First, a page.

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Genetics Home Reference: your guide to understanding genetic conditions
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AP3B1

The information on this page was automatically extracted from online scientific databases.

What is the official name of the AP3B1 gene?

The official name of this gene is “adaptor-related protein complex 3, beta 1 subunit.”

AP3B1 is the gene's official symbol. The AP3B1 gene is also known by other names, listed below.

What is the normal function of the AP3B1 gene?

From NCBI Gene (http://www.ncbi.nlm.nih.gov/gene/8546):

This gene encodes a protein that may play a role in organelle biogenesis associated with melanosomes, platelet dense granules, and lysosomes. The encoded protein is part of the heterotetrameric AP-3 protein complex which interacts with the scaffolding protein clathrin. Mutations in this gene are associated with Hermansky-Pudlak syndrome type 2. Two transcript variants encoding different isoforms have been found for this gene. [provided by RefSeq, Nov 2012]

From UniProt (http://www.uniprot.org/uniprot/O00203):

Subunit of non-clathrin- and clathrin-associated adaptor protein complex 3 (AP-3) that plays a role in protein sorting in the late-Golgi/trans-Golgi network (TGN) and/or endosomes. The AP complexes mediate both the recruitment of clathrin to membranes and the recognition of sorting signals within the cytosolic tails of transmembrane cargo molecules. AP-3 appears to be involved in the sorting of a subset of transmembrane proteins targeted to lysosomes and lysosome-related organelles. In concert with the BLOC-1 complex, AP-3 is required to target cargos into vesicles assembled at cell bodies for delivery into neurites and nerve terminals.

How are changes in the AP3B1 gene related to health conditions?

Genetics Home Reference provides information about Hermansky-Pudlak syndrome, which is associated with changes in the AP3B1 gene.
UniProt (http://www.uniprot.org/uniprot/O00203) provides the following information about the AP3B1 gene's known or predicted involvement in human disease.

Hermansky-Pudlak syndrome 2 (HPS2): A form of Hermansky-Pudlak syndrome, a genetically heterogeneous autosomal recessive disorder characterized by oculocutaneous albinism, bleeding due to platelet storage pool deficiency, and lysosomal storage defects. This syndrome results from defects of diverse cytoplasmic organelles including melanosomes, platelet dense granules and lysosomes. Ceroid storage in the lungs is associated with pulmonary fibrosis, a common cause of premature death in individuals with HPS. HPS2 differs from the other forms of HPS in that it includes immunodeficiency in its phenotype and patients with HPS2 have an increased susceptibility to infections. The disease is caused by mutations affecting the gene represented in this entry.

NCBI Gene (http://www.ncbi.nlm.nih.gov/gene/8546) lists the following diseases or traits (phenotypes) known or believed to be associated with changes in the AP3B1 gene.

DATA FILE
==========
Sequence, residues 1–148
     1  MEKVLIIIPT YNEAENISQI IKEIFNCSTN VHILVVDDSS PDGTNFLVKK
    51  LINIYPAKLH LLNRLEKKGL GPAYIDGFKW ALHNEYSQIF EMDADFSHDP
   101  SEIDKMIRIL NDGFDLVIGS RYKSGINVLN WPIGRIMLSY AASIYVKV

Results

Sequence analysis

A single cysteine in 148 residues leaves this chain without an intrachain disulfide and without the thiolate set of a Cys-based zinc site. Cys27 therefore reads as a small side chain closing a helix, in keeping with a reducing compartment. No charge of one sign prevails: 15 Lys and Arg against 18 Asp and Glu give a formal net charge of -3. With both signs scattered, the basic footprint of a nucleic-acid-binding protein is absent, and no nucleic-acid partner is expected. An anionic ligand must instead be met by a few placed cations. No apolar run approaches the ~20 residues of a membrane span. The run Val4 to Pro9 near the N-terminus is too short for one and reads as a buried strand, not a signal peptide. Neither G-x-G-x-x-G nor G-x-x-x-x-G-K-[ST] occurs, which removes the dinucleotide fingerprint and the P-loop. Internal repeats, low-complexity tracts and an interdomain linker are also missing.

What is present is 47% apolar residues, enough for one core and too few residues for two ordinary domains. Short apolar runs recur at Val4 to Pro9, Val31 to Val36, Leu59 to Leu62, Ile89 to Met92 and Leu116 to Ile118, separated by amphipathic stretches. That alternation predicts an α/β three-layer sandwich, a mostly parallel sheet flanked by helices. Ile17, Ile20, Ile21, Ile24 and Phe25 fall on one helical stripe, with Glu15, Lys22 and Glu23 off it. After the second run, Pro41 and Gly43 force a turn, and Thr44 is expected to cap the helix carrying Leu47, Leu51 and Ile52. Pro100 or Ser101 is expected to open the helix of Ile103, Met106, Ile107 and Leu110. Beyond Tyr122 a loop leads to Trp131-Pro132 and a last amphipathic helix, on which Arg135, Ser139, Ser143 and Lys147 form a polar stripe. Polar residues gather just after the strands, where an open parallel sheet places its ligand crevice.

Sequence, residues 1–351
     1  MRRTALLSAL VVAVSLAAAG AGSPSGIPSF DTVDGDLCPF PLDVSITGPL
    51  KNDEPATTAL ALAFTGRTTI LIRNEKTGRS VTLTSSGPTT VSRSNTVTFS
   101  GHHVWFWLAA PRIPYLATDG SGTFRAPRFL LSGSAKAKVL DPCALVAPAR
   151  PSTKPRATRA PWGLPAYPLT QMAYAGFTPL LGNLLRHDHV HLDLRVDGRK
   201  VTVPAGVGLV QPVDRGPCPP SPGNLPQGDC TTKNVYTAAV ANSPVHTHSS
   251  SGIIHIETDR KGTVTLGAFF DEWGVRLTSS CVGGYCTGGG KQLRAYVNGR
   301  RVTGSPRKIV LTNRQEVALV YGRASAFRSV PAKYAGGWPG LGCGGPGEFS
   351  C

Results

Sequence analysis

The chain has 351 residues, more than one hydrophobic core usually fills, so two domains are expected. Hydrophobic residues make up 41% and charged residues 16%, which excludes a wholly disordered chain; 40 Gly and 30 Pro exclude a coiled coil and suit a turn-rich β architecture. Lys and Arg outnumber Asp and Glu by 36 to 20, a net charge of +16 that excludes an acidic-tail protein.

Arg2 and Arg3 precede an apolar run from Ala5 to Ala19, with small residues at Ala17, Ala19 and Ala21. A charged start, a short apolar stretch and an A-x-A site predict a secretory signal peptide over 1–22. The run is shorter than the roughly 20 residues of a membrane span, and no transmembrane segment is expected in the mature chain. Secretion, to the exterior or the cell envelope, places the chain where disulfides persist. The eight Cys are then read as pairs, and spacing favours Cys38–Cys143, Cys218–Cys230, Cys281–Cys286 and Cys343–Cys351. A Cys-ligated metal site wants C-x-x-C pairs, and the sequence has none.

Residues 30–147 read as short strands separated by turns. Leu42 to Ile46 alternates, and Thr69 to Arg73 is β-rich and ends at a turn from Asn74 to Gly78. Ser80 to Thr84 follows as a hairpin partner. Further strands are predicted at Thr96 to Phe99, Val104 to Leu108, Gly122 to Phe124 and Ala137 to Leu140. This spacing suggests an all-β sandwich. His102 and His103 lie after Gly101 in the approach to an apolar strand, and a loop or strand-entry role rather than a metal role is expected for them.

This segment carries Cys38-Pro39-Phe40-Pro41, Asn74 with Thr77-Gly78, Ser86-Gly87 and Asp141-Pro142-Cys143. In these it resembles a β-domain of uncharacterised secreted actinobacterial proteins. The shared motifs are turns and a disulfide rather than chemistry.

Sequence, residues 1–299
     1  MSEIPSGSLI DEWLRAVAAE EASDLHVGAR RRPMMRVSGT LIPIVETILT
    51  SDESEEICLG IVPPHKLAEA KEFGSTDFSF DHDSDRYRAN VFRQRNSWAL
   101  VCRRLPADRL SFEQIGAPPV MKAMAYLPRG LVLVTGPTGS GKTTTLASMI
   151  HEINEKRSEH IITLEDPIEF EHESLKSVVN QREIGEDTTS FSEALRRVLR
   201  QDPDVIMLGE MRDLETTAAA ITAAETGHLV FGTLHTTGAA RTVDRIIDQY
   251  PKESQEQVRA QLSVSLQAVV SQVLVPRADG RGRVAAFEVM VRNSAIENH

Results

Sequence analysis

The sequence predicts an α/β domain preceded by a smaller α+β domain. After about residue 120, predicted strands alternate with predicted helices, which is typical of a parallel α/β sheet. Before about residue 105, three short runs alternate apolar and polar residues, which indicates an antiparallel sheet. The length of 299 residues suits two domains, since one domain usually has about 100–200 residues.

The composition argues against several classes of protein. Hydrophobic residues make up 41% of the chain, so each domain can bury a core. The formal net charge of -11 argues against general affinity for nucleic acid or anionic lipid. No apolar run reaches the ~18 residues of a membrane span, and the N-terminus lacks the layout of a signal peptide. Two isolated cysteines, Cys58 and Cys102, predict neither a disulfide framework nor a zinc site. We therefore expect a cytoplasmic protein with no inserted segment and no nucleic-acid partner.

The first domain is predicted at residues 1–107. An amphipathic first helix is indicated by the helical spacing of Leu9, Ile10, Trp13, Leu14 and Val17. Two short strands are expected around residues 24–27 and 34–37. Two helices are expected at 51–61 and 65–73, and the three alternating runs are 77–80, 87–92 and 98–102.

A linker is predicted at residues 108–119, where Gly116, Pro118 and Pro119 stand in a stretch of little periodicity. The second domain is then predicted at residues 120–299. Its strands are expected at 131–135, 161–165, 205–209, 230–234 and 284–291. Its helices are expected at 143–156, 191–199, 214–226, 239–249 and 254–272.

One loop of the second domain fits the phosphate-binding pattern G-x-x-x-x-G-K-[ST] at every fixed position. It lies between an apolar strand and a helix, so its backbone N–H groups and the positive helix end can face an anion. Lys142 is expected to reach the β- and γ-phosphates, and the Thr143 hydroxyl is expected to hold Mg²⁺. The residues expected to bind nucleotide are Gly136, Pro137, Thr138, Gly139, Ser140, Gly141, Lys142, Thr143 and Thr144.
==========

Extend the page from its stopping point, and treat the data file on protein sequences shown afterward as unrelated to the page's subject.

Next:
• Hermansky Pudlak syndrome 2
OMIM.org (http://omim.org/), a catalog designed for genetics professionals and researchers, provides the following information about the AP3B1 gene and its association with health conditions.
OMIM
Number
Title

Where is the AP3B1 gene located?

Cytogenetic Location: 5q14.1

Molecular Location on chromosome 5: base pairs 78,002,325 to 78,294,754

The AP3B1 gene is located on the long (q) arm of chromosome 5 at position 14.1.

The AP3B1 gene is located on the long (q) arm of chromosome 5 at position 14.1.

More precisely, the AP3B1 gene is located from base pair 78,002,325 to base pair 78,294,754 on chromosome 5.

See How do geneticists indicate the location of a gene? (http://ghr.nlm.nih.gov/handbook/howgeneswork/genelocation) in the Handbook.

Where can I find additional information about AP3B1?

You and your healthcare professional may find the following resources about AP3B1 helpful.

You may also be interested in these resources, which are designed for genetics professionals and researchers.

What other names do people use for the AP3B1 gene or gene products?

  • ADTB3
  • ADTB3A
  • HPS
  • HPS2
  • PE

See How are genetic conditions and genes named? (http://ghr.nlm.nih.gov/handbook/mutationsanddisorders/naming) in the Handbook.

What glossary definitions help with understanding AP3B1?

albinism ; autosomal ; autosomal recessive ; cell ; ceroid ; deficiency ; endosomes ; fibrosis ; gene ; immunodeficiency ; isoforms ; lysosome ; mediate ; mutation ; organelle ; phenotype ; protein ; pulmonary ; recessive ; retina ; subunit ; susceptibility ; syndrome ; TGN ; transcript ; trans-Golgi network ; transmembrane

You may find definitions for these and many other terms in the Genetics Home Reference Glossary (http://ghr.nlm.nih.gov/glossary).

 

The resources on this site should not be used as a substitute for professional medical care or advice. Users seeking information about a personal genetic disease, syndrome, or condition should consult with a qualified healthcare professional. See How can I find a genetics professional in my area? (http://ghr.nlm.nih.gov/handbook/consult/findingprofessional) in the Handbook.

 
Published: December 22, 2014